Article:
Projectile Motion

#### Intro

- A
**projectile**is any object that undergoes**non-powered flight**. (e.g. Ball being kicked) - Upon being fired, the projectile follows a
**trajectory**, moving through the air. - Galileo postulated that this motion of the projectile can be regarded as
**two separate and independent motions**:**Vertical**motion (which we will use the**y**axis to plot)**Horizontal**motion (which we will use the**x**axis to plot)

- To analyse these equations, we take each of the motions
**separately** **NB:**As the motion is**unassisted,**we assume the only force acting on the projectile is**gravity**.

#### Equations of motion

**NB**: For the following:

- $u$ is defined as
**initial velocity** - It is assumed there is
**no force in the horizontal motion**(e.g. no air resistance) - Acceleration in the y axis is
**gravity**

\begin{equation} v_x = u_x \end{equation}

(2)
\begin{align} \Delta x = u_x t \end{align}

(3)
\begin{equation} v_y = u_y + a_y t \end{equation}

(4)
\begin{align} v_y^2 = u_y^2 + 2a\Delta y \end{align}

(5)
\begin{align} \Delta y = u_y t+\frac{1}{2}a_y t^2 \end{align}

#### Step by Step Method

**Step 1:**Define the polarity- Usually, we define
**up**and**right**as**positive.** - This would mean that
**gravity**or $a_y$ is**negative.**

- Usually, we define

**Step 2:**Splitting the components of the initial velocity- As mentioned previously, projectile motion can be split into 2 components on a 2D plane.
- See the picture to see how.
- This means that:
- $u_x = u cos{\theta}$
- $u_y = u sin{\theta}$

**Do this for EVERY projectile motion question. EVERY. SINGLE. ONE.**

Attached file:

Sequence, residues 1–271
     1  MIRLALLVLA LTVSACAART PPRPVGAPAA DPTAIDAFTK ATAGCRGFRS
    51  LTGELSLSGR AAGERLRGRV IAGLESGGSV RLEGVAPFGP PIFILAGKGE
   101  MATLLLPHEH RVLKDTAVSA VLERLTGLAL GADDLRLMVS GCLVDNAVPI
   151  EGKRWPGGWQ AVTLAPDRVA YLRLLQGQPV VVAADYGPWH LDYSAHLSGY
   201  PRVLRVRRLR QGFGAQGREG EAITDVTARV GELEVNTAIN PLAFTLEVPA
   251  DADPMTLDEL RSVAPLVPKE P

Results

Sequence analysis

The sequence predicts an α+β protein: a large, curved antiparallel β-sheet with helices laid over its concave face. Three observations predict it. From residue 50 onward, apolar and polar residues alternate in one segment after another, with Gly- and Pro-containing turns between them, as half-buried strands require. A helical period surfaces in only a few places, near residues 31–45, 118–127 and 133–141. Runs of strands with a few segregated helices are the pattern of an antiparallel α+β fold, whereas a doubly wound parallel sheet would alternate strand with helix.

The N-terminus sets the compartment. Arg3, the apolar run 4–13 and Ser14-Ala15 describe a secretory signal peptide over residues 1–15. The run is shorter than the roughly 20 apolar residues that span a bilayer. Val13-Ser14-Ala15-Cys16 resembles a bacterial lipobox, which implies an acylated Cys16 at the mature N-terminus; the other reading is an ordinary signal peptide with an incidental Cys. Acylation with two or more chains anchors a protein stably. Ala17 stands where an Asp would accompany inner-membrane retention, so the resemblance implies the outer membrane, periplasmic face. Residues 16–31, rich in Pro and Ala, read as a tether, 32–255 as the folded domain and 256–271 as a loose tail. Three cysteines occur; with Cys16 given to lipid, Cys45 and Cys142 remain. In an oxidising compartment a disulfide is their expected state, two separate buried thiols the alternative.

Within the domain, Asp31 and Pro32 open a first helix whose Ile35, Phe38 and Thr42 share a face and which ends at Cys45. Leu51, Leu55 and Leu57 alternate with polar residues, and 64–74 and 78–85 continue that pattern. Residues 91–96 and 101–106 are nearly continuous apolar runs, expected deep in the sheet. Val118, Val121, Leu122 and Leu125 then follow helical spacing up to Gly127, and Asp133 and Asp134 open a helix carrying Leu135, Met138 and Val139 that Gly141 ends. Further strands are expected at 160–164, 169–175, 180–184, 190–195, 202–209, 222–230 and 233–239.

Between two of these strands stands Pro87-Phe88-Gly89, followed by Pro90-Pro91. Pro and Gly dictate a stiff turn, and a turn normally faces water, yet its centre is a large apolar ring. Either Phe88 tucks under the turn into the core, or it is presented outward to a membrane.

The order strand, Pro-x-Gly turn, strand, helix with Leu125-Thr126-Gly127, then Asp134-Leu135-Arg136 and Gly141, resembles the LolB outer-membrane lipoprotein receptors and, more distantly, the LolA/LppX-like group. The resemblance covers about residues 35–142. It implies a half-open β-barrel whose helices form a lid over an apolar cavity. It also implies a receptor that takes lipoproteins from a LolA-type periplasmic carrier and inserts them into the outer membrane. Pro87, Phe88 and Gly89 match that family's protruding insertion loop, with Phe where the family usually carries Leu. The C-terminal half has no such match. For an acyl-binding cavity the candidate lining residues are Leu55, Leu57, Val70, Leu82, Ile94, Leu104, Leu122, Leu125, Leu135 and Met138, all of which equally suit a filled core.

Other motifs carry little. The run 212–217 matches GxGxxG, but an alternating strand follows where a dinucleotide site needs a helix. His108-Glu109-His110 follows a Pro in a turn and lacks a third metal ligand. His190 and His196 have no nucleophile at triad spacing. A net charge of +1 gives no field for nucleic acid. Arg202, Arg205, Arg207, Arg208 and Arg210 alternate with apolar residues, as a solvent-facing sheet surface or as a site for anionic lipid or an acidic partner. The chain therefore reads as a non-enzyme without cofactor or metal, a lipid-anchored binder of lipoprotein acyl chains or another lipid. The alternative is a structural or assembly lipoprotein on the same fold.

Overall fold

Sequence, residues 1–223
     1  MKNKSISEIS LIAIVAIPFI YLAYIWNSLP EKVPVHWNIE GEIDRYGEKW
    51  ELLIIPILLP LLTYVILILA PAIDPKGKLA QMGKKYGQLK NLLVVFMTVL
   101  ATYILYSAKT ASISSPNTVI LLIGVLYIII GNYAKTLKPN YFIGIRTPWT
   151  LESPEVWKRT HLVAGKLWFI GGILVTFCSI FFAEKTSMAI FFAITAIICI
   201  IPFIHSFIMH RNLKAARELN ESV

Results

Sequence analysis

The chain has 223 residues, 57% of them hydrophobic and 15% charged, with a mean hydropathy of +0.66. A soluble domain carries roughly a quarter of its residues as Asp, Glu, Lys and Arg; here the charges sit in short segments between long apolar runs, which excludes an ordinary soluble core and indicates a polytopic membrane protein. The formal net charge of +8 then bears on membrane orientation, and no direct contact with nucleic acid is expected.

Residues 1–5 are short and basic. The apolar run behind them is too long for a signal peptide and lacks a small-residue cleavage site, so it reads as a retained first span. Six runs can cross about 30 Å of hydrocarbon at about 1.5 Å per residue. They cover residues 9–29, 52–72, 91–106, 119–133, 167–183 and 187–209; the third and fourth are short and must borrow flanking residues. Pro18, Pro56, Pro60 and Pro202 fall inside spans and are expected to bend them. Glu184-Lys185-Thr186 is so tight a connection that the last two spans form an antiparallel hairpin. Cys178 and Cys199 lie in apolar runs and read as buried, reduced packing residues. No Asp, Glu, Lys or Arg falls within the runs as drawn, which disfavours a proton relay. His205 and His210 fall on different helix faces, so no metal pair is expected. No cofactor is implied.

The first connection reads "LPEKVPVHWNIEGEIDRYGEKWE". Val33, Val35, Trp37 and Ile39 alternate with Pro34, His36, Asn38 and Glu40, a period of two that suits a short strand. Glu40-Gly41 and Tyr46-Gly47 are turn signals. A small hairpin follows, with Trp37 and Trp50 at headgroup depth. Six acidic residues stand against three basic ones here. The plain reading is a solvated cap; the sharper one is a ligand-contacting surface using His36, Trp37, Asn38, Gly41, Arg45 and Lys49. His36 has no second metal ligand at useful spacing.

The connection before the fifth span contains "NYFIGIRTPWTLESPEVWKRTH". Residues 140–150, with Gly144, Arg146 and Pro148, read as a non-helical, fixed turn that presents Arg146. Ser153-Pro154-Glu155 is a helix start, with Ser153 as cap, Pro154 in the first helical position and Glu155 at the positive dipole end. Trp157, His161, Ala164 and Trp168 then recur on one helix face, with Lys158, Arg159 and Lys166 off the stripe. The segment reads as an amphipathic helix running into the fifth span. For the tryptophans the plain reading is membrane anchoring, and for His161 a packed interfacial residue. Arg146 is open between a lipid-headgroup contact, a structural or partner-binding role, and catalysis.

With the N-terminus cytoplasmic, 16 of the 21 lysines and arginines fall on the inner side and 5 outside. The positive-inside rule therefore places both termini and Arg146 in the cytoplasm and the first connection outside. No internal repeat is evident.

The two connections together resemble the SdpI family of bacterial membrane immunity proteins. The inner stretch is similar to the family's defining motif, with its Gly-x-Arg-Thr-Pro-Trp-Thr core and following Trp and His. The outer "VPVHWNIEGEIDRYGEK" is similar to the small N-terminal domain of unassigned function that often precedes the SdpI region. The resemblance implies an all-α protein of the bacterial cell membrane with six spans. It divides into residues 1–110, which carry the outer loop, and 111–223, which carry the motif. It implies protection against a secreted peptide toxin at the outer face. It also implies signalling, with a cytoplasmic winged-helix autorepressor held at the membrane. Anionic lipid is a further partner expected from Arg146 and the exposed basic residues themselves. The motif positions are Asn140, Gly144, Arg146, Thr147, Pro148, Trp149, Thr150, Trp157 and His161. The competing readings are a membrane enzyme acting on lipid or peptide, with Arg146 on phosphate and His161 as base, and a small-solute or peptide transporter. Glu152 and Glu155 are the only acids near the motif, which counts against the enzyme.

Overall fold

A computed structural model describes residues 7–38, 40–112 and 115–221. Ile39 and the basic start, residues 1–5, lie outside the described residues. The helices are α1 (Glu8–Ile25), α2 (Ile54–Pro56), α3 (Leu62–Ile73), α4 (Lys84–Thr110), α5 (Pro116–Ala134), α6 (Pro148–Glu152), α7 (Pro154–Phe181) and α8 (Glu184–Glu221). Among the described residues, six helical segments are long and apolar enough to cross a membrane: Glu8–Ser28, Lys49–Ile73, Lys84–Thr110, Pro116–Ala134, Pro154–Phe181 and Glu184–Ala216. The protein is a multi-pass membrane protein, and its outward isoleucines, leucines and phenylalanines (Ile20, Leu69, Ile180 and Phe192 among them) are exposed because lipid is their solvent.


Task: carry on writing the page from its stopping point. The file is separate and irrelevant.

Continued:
**Step 3:**Finding the maximum height- This occurs at $v_y = 0$
- With that and $v_y^2 = u_y^2 + 2a\Delta y$, you can find the max height by
**substitution**. **NB:**For a**flat ground**, this occurs at the**middle**of its trajectory.- That is, the
**vertex**of the parabola, or at**half the time of flight**.

- That is, the

**Step 4:**Finding the time of flight- Use $\Delta y = u_y t+\frac{1}{2}a_y t^2$ where $\Delta y$ is the
**difference in height**of its origin and landing place. - This usually gets you a
**quadratic**. Remember the answer is in the domain: $t > 0$ - For
**even ground**, $\Delta y = 0$ - Also for even ground, time of flight is
**twice**the time taken to reach**max height**.

- Use $\Delta y = u_y t+\frac{1}{2}a_y t^2$ where $\Delta y$ is the
**Step 5:**Finding the range- This is given by: $\Delta x = u_x t$ where
**t is the time of flight**. - For even ground,
**maximum range**is given by $\theta = 45^{\circ}$

- This is given by: $\Delta x = u_x t$ where
**Step 6:**Finding the final velocity- Utilising $v_x = u_x$ and $v_y = u_y + a_y t$, we can find the horizontal and vertical components of the final velocity.
- With that, we can use $tan{\theta} = \frac{v_y}{v_x}$ to find its
**angle** - We can also use
**Pythagoras' Theorem**to find its magnitude.

**NB:** An interesting question that came up was: what would the trajectory of a dropped projectile be like if the projectile's frame of reference was accelerating horizontally.

If this acceleration is constant, it would be a straight line but the horizontal component would be in the opposite direction to the acceleration due to inertia.

page revision: 2, last edited: 03 Oct 2011 07:18